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Air pollution kills 7 million people a year globally, 80 percent of them from heart disease and stroke, the World Health Organization said Monday.
This makes air pollution the world’s largest single environmental health risk, WHO says, accounting for one out of eight deaths.
“The risks from air pollution are now far greater than previously thought or understood, particularly for heart disease and strokes,” WHO’s Dr. Maria Neira said in a statement. “Few risks have a greater impact on global health today than air pollution; the evidence signals the need for concerted action to clean up the air we all breathe.”
And perhaps surprisingly, indoor air pollution kills more people than outdoor pollution. Indoor pollution comes from cooking stoves and fireplaces still used by nearly 3 billion people, mostly women, in poorer countries. WHO estimates that air pollution was involved in 4.3 million deaths in households that used wood, coal or other open-air fires, while 3.7 million died from the effects of outdoor pollution.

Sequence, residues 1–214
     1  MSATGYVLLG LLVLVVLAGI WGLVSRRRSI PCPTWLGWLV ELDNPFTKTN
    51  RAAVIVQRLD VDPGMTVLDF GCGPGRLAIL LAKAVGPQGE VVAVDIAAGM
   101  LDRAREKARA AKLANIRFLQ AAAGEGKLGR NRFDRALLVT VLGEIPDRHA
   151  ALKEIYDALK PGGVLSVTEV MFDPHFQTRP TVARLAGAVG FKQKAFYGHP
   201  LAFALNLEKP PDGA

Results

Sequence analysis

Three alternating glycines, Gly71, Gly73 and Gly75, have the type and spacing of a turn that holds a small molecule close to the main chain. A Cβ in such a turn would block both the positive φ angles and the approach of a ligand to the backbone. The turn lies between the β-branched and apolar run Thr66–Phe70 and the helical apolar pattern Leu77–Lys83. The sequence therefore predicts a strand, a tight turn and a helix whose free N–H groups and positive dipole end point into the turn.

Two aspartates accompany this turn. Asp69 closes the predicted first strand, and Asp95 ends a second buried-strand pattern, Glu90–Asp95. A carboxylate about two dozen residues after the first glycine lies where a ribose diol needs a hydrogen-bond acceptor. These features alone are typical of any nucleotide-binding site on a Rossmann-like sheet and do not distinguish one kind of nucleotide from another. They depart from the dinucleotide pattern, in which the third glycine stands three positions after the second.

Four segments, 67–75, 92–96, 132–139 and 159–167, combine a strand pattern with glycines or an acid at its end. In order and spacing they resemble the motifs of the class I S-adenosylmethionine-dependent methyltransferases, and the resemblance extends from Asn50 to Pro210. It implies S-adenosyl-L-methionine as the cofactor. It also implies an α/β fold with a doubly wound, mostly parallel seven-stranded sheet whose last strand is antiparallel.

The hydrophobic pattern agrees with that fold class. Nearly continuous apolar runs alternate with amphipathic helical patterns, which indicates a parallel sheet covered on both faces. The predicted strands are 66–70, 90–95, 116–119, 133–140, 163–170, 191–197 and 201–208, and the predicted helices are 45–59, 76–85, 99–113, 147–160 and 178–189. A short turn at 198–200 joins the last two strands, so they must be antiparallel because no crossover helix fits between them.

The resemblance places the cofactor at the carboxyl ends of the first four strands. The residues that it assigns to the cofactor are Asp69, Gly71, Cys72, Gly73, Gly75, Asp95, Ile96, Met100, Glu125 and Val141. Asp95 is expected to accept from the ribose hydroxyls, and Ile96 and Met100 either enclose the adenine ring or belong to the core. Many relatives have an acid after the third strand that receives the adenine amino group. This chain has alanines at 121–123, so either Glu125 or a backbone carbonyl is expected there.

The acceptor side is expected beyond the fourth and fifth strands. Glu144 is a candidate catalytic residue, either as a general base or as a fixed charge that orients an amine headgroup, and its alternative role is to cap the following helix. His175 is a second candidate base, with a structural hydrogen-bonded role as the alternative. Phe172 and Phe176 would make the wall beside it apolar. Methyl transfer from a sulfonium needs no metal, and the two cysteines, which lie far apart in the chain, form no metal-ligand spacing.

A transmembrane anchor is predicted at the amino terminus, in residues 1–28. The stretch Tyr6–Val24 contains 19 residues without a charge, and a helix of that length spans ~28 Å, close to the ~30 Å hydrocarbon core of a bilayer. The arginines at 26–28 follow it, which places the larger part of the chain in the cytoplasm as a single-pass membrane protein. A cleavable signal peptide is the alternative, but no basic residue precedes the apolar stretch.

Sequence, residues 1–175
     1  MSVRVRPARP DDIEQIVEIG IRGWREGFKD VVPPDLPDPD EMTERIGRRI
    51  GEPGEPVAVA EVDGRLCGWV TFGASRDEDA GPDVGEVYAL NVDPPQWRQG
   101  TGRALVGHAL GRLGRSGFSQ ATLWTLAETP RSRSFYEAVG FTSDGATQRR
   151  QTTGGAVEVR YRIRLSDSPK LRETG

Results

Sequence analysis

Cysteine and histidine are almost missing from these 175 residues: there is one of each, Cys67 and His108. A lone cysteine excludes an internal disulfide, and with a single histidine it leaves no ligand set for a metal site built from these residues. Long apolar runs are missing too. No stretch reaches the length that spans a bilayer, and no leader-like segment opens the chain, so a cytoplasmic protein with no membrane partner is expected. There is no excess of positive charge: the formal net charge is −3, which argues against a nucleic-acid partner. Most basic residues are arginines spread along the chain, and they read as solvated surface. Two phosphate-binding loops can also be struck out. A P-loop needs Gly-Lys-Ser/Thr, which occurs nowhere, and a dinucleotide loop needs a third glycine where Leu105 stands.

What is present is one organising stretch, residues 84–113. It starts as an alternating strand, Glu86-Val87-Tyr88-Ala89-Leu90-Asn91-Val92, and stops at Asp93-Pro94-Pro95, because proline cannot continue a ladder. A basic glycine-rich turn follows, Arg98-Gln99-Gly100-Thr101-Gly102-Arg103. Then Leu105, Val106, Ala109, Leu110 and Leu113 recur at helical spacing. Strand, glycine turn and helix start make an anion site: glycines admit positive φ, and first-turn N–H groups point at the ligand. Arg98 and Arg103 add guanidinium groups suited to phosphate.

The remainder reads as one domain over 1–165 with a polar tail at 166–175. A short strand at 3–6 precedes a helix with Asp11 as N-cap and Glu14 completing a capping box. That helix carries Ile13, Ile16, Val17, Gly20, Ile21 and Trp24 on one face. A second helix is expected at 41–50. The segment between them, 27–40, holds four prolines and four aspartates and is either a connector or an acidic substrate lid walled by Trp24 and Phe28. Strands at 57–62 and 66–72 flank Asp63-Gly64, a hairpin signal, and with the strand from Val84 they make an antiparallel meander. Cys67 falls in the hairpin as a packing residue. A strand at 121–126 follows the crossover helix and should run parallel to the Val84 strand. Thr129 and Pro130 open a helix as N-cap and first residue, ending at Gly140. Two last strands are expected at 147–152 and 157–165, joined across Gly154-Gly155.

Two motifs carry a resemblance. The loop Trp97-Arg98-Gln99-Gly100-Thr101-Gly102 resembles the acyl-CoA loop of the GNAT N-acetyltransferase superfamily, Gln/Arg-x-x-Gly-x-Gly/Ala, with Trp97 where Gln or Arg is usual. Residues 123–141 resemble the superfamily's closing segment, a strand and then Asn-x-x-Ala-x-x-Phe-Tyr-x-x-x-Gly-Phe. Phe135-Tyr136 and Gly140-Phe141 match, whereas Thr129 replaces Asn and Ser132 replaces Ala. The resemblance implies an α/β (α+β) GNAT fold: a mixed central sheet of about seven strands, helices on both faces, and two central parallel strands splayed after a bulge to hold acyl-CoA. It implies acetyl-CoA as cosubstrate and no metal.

The WHO survey found that 40 percent of deaths linked to outdoor air pollution were from heart disease; another 40 percent from stroke; 11 percent from chronic obstructive pulmonary disease (COPD); 6 percent from lung cancer and 3 percent from acute lower respiratory infections in children.
The numbers were similar for indoor air pollution, but with twice the percentage of cases of COPD, and 12 percent of indoor air pollution deaths were among children with infections such as pneumonia.